Many people think there's a train called the Trans-Siberian Express running along a lengthy railroad between Russia's eastern port of Vladivostok and Moscow.
The reality is that the Trans-Siberian rail trip involves a network of domestic and international trains crisscrossing countries and borders. Yes, a Trans-Siberian journey can start in Vladivostok. But it can also start in Beijing, or Ulaanbaatar, Mongolia.
These itineraries, sometimes dubbed Trans-Mongolian routes, follow Trans-Siberian tracks once they cross the Russian border.
Each of these trips can be completed by traveling on a series of local trains. However, that journey would not be easy for those who don't read the Cyrillic alphabet nor for those accustomed to creature comforts. For those who require a bit more in the way of amenities, a private train is the way to go.
That said, the two main private train options do not come cheap.
U.K.-based Golden Eagle Luxury Trains operates on the classic 5,772-mile route between Vladivostok and Moscow. It is the pricier of the options, in part because all compartments have bathroom facilities en suite and most tips are included.
For the independent traveler in 2014, tour operator MIR Corp. offers seats on the Golden Eagle 15-day trek across Siberia starting at $15,495 per person, double occupancy, in the Silver Class category and rising to $29,995 for top-of-the-line Imperial Suites, which come with king-size beds.
The 15-day Tsar's Gold, running between Beijing and Moscow, offers less expensive options among its accommodations categories. The 2014 prices, from Germany-based tour operator Lernidee Adventure Trips, start at $9,200 per person, double, for a Classic compartment, which shares toilet and shower facilities.
For a taste of Soviet style, another option is Nostalgic Comfort. Although these compartments don't have their own bathrooms (two compartments share a shower, and there are two bathrooms per car), the plushly designed cabins are outfitted along the lines of 1950s sleeping cars reserved for high-ranking Soviet officials. Nostalgic Comfort starts at $12,300 for a shared compartment.
For a compartment with private bath, prices start at $15,820, double, in Bolshoi and go up to $19,520 in Bolshoi Platinum.
This past spring, I traveled in a Bolshoi compartment on the Tsar's Gold, which Lernidee manages. After spending the first two days of the group trip sightseeing in Beijing, we boarded a chartered Chinese overnight train to Ulaanbaatar. We spent two jam-packed days in Mongolia before boarding the Tsar's Gold, our home for the next eight days.
Once we crossed the Russian border, we traveled through changing landscape, going from steppe to taiga to farmland to industrial wasteland to city.
We stopped in places like Ulan Ude, Irkutsk, Lake Baikal and Yekaterinburg (where Russia's last emperor, Nicholas II, and his family were executed in 1918).
English speakers staying in Bolshoi and Nostalgic Comfort cabins were merged into a group of 20 for sightseeing and for onboard meals. Our group was afforded its own tour bus and its own onboard tour leader.
Other groups were broken up according to class of travel and language (most of the tours were in German). Groups staying in less-expensive cars often shared a bus.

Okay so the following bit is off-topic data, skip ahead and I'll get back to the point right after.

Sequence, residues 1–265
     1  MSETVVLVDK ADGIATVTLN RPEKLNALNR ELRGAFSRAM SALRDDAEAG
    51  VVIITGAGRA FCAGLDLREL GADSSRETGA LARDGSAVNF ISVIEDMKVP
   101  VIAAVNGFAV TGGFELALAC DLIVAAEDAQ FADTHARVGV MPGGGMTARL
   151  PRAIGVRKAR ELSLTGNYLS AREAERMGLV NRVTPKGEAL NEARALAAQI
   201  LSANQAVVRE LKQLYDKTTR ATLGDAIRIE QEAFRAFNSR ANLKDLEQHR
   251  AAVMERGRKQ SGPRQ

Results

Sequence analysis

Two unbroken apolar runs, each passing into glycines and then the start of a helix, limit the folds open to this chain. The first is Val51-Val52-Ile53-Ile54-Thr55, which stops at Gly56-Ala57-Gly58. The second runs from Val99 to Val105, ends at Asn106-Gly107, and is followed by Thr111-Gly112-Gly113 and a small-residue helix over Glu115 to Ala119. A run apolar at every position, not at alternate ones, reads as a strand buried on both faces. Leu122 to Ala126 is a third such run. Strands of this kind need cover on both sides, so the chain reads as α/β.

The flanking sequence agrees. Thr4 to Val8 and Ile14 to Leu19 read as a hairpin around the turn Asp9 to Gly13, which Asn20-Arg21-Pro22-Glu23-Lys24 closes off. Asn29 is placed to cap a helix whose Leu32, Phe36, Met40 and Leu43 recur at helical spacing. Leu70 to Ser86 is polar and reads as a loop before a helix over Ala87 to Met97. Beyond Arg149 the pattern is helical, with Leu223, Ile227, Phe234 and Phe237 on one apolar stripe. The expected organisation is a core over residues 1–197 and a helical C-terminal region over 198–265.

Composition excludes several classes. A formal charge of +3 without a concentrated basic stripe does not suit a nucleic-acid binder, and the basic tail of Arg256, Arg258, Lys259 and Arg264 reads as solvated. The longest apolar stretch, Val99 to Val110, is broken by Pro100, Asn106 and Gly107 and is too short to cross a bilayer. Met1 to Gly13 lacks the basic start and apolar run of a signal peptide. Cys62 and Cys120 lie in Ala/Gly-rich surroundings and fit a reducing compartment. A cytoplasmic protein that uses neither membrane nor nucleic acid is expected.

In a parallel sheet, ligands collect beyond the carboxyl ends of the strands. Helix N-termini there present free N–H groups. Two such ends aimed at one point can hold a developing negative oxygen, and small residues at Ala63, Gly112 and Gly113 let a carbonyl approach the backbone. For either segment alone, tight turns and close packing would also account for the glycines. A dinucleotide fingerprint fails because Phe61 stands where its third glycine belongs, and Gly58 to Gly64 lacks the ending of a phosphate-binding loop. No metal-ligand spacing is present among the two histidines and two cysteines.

Although our group had stellar and knowledgeable guides in Beijing and on the train, other groups were not so lucky: Those sharing a bus with German-speaking groups did not get as much commentary, as the English-speaking guide had to share the motorcoach's microphone.
For those who want a guaranteed educational experience, it may be better to spend more and book a scheduled group departure through an operator like Smithsonian Journeys. Smithsonian brings along an area expert on its Tsar's Gold departures, plus a dedicated tour manager, who will proactively troubleshoot on the behalf of clients. Additionally, some extras, like tipping, are included in Smithsonian's package price.
MIR also packages group departures for both trains, including Golden Eagle trips for National Geographic Expeditions.
Once the Tsar's Gold train leaves Ulaanbaatar, only one night is spent off the train; on my trip, it was at the new Courtyard by Marriott in Irkutsk.
Most meals are served onboard, although daytime stops usually include lunch and/or an early dinner at a destination.
The train food was serviceable but not memorable. A variety of hot and cold offerings were available at breakfast. Given the limitations of the preparation areas, there were only two choices for each lunch and dinner.
However, the kitchen staff did a good job in accommodating the gluten-free diets of two group members.
All cars are air-conditioned, although the cooling system does not operate when the train is stopped. As the train can experience lengthy delays, this may be a problem during the height of summer for those with heat sensitivities.
A trip on the Tsar's Gold is one high-priced adventure, but clients should be advised they are paying for an experience, not necessarily a high standard of service or luxury accommodations.
After all, this is a train. The beds aren't big, the train goes bump in the night and it can be loud, all of which may add up to discomfort for large people or light sleepers.
The onboard staff was local and thus trained in a Russian style of service. At train stations, porters were scarce. There was little to no Internet access on the train. Another caveat: Many extras, like bottled water and tips, which can add up to more than $300 per person, are not included in the price. Neither are airfare or visas. China and Russia require visas for Americans, but Mongolia does not.
Trains operate between May and early October.
Lernidee's Tsar's Gold trips, which are commissionable, can be booked at www.transsiberian-travel.com.
Smithsonian Journeys, MIR and National Geographic Expeditions pay commissions on their Trans-Siberian rail offerings.